The Pentagon will continue to scale down the size of the armed forces to protect investments in high-tech weapons and cyberwar capabilities, Defense Secretary Chuck Hagel said Tuesday as he laid out how austere times are forcing basic trade-offs in national security priorities.
In a speech that foreshadowed how the U.S. military will be restructured in the coming years, Hagel complained that projected defense budget cuts of $1 trillion during the next decade were “too fast, too much, too abrupt and too irresponsible.”
Like his predecessors, former secretaries Leon E. Panetta and Robert M. Gates, Hagel warned that the cutbacks were eroding military preparedness and morale. But he also sounded a note of resignation, saying that the military would have to come to grips with much smaller budgets and reset expectations as the nation moves “off a perpetual war footing.”
“We do not have the option of ignoring reality or assuming something will change,” Hagel said in an address at the Center for Strategic and International Studies, an influential think tank in Washington.
Hagel’s comments were a recognition that neither his boss, President Obama, nor Congress has shown a willingness to spare the Pentagon from the automatic long-term spending cuts imposed by the Budget Control Act of 2011. With that in mind, Hagel said he has spent much of his time since taking office in February prodding the Defense Department to confront “the stark choices and trade-offs in military capabilities that will be required.”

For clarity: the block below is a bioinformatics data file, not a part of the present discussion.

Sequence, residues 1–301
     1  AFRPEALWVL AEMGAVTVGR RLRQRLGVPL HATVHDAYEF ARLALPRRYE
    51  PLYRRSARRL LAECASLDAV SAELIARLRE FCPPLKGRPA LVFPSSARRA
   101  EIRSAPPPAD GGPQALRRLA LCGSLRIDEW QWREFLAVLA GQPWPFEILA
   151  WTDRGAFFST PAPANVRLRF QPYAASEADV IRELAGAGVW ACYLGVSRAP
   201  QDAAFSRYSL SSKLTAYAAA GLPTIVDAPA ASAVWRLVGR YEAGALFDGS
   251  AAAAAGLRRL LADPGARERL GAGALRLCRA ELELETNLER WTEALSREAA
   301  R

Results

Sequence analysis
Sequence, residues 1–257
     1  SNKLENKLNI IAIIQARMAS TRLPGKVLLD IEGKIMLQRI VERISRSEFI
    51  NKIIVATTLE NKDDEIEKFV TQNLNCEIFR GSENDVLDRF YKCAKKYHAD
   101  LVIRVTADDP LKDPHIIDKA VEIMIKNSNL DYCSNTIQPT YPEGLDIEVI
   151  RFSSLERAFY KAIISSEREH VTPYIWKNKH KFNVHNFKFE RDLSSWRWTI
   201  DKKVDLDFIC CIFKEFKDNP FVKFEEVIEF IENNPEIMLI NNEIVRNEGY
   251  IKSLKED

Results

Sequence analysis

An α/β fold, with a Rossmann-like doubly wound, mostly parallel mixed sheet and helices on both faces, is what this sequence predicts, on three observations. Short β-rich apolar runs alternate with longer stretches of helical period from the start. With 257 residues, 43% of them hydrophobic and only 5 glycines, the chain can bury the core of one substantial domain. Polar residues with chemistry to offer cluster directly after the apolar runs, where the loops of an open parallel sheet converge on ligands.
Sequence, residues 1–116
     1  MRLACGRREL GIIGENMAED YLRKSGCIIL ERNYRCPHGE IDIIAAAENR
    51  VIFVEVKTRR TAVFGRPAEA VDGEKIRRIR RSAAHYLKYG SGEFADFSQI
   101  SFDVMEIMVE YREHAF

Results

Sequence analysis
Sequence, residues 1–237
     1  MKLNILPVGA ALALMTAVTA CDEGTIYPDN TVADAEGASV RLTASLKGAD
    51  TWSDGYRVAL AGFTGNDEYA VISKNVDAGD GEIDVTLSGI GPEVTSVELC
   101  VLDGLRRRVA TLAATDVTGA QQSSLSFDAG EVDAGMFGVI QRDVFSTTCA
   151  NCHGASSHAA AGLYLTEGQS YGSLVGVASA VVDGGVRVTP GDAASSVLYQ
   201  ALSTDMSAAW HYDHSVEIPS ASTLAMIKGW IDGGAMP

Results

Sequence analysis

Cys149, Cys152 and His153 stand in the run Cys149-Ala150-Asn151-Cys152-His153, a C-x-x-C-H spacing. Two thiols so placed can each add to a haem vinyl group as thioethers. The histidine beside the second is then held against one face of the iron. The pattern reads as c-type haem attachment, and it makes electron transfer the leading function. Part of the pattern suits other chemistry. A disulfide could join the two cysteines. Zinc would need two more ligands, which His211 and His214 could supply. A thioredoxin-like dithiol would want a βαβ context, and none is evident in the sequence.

At the same time, Hagel reminded his audience that even under the worst budget scenarios the Defense Department would have plenty of money. He said that the Pentagon had already “identified opportunities to make changes and reforms” and that even after a retrenchment, the United States alone would still account for nearly 40 percent of all military spending in the world.
“We will need to more efficiently — more efficiently — match our resources to our most important national security requirements,” he said. “We can do things better, and we will.”
Hagel did not reveal any new policies or specific budget proposals but indicated that the military would continue to shrink the size of its conventional land forces in favor of Special Operations troops and weapons that provide “a decisive technological edge.”
“In some cases we will make a shift, for example, by prioritizing a smaller, modern and capable military over a larger force with older equipment,” he said.
In general, Hagel also sought to temper expectations for what the military should do and what it can accomplish. The Pentagon, he said, needs to rely more heavily on allies and should play a supporting role, not a leading role, in U.S. foreign policy.
“We will need to place more of an emphasis on civilian instruments of power, while adapting our military so that it remains strong, capable, second-to-none and relevant in the face of threats markedly different from what shaped it during the Cold War and over the past two decades,” he said.